Hi. This post will explain why I did RTK for a second time, how I did it, and what I think about how long it took. You can learn from my mistakes to not do that.
Why Would You Do That To Yourself
In order to pass the JLPT N4, I had to make some sacrifices for short term gain. Notably, focusing on vocabulary and grammar books (Tango N4), and sentence cards.
When I started Tango N4, I had just finished RTK with about a 67% maturity rate, so I still had a number of cards that were appearing every day. The review from RTK and my new decks, which I had an average of 20-some new cards a day, was not feasible.
To try to combat this, first, I limited the reviews to 20 a day from RTK. Which is [known] to not be a good idea–the majority of reviews just go un done, and you may as well throw the deck away. But I figured it would be better than abandoning the deck outright. Which is what I still ended up doing anyway.
When I pulled off my blindfold and faced the room-elephant, my review count was in the thousands, nearly the whole deck. Trying to tackle it from Anki only, I found I knew almost nothing–it was mostly all gone. I knew the incremental structure of RTK, so I knew the foundation of the house was gone, so even if I knew some bits of broken roof and walls, it simply would not have been a good long-term move to try and brute force the deck.
Besides, at that point, the effort required to re-learn essentially now-random kanji is the antithesis of the method RTK preaches, which I take seriously. I would have tried to force on an out-of-context approach to kanji, and I would honestly have risked my long-term Japanese ability.
The only option was to reset all my cards in the deck, and crack back open RTK.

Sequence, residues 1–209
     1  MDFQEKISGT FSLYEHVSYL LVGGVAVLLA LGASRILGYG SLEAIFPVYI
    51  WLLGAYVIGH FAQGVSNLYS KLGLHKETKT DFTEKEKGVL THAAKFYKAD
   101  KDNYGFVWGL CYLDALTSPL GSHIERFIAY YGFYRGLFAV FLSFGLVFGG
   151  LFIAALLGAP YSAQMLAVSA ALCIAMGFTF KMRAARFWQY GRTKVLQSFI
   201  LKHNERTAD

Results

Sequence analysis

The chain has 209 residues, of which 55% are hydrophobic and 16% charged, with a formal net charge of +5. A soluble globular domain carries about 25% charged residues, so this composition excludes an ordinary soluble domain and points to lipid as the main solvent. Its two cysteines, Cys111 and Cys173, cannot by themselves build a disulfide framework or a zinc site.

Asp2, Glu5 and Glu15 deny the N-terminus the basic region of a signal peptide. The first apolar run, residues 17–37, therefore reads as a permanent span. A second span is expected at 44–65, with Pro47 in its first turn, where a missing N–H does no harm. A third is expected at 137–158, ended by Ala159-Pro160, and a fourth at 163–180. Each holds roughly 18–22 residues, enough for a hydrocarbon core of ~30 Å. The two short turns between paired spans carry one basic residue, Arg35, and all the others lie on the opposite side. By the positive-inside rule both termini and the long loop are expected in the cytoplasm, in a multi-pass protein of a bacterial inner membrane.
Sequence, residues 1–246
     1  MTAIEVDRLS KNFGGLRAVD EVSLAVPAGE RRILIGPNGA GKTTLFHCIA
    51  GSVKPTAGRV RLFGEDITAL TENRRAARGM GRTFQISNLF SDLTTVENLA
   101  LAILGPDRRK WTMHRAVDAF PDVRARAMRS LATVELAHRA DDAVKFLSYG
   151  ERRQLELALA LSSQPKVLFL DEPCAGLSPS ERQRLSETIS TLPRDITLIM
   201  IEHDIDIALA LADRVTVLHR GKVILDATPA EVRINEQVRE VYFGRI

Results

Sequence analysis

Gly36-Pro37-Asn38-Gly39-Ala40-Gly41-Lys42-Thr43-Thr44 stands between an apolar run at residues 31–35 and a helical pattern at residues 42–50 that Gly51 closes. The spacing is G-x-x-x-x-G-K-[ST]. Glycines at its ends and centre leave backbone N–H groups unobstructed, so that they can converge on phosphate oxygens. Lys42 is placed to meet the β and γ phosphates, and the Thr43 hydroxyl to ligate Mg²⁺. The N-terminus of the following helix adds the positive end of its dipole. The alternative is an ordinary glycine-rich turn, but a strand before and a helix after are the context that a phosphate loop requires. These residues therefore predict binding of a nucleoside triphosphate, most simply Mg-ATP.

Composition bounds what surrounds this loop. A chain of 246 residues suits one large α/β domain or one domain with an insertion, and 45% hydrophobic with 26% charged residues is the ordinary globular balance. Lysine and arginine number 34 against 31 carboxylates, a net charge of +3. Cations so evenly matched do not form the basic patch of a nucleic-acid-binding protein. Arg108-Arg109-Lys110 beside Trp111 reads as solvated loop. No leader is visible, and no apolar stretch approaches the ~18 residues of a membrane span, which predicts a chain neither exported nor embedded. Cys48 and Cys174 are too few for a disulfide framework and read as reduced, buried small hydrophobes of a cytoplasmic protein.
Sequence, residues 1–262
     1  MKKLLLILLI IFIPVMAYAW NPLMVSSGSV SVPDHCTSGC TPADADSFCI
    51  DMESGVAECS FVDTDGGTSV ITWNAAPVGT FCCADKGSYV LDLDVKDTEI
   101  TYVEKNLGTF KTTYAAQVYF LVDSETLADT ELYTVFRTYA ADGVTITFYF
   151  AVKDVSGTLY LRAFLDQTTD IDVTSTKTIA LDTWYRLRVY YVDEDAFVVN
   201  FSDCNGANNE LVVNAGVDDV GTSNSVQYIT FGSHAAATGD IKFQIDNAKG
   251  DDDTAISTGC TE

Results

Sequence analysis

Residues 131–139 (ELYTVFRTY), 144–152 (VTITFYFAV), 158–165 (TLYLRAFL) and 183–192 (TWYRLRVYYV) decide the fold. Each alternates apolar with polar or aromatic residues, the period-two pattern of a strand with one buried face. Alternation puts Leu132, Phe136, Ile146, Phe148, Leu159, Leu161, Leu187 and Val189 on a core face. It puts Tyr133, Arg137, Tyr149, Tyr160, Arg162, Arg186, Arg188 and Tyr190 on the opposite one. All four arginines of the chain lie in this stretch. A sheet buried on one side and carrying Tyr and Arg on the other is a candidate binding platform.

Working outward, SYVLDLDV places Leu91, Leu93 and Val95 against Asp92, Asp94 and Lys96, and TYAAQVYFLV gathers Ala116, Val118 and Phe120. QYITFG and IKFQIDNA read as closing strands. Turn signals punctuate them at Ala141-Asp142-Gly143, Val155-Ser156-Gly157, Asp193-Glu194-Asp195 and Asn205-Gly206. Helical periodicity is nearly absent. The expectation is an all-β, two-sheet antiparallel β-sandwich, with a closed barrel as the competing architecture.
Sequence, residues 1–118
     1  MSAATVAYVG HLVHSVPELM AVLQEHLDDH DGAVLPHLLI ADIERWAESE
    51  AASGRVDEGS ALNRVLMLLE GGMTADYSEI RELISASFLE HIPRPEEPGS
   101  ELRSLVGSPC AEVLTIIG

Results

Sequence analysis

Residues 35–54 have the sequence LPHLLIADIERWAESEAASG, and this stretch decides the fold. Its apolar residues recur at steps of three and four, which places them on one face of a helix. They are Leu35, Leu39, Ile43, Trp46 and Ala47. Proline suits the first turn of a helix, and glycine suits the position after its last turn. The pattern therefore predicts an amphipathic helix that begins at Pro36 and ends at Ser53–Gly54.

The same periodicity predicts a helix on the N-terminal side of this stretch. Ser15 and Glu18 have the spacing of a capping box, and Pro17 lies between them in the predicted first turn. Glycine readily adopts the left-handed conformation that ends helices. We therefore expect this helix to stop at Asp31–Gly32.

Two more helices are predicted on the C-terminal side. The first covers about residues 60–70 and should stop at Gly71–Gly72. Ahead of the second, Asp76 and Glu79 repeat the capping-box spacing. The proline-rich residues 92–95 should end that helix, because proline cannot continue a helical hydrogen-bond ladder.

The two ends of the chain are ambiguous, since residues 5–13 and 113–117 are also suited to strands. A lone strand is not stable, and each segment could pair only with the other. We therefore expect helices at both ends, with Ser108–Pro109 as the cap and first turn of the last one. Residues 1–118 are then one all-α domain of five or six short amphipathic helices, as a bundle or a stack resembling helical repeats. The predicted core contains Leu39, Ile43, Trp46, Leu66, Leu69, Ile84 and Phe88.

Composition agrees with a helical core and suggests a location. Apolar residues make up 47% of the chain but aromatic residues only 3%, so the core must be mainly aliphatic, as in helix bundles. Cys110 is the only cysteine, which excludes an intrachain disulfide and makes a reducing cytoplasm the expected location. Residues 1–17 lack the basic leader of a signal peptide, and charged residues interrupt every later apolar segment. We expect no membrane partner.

My progress was faster because I had already been around the block, and had time travel knowledge.
- I remembered pitfalls and issues I had with my first run, such as making double-sure to give connotations to words
- I knew what kanji were coming, so this time around didn’t make bad or later-would-be-ambiguous stories.
- Made sure to focus on the kanji that were used in many other kanji
- And importantly: I just had more worldly knowledge. I saw more things, talked to more people, changed jobs. This was all ammo I didn’t have before to make new, better, more varied stories out of instead of overusing old scenes, which leads to ambiguity.
I usually managed more than 20 a day, which was my benchmark from last time. Turned out I remembered some stuff, like long-lost stories and keyword associations. Sometimes I could push 40-50 a day, going through a set of kanji that just clicked one after another, but sometimes struggled to get 20 as some kanji are still just more difficult.
Affecting the N3 Timeline
As it currently stands, I may not be passing N3 this year because of this move.
Then again, without this move, I might not have passed anyway. I had to make a short term move to pass N4, sacrificing long term, then had to re-do RTK, which is a long term move which is sacrificing short term.
Looking back, maybe I would have saved time overall by just accepting I might not pass N4 last year to avoid the above entanglement. But, with my timeline of moving to Japan, I don’t have infinite time to do well on JLPT levels.
The first time through, around 1800 kanji I really started to feel the burn, instead of excitement. This time, it happened around 1600 kanji. But the cool thing is, I’m sure as hell never letting what happened the first time happen again.
I’m sure as hell not doing it a third time. I wouldn’t make it.
Was it worth it?
Yes, of course!
The cool thing about RTK is after completing it, learning vocab is much easier. I’m on my journey to N3 now, through An Integrated Approach to Intermediate Japanese and I’m able to have an idea of what all the “good to know” kanji are. Well, I think a lot of that comes from other sources like immersion, but RTK is a masterpiece.
I’ve stuck to my reviews this time, and sit around a 95% maturity rate. The reviews are now quick to tackle each day.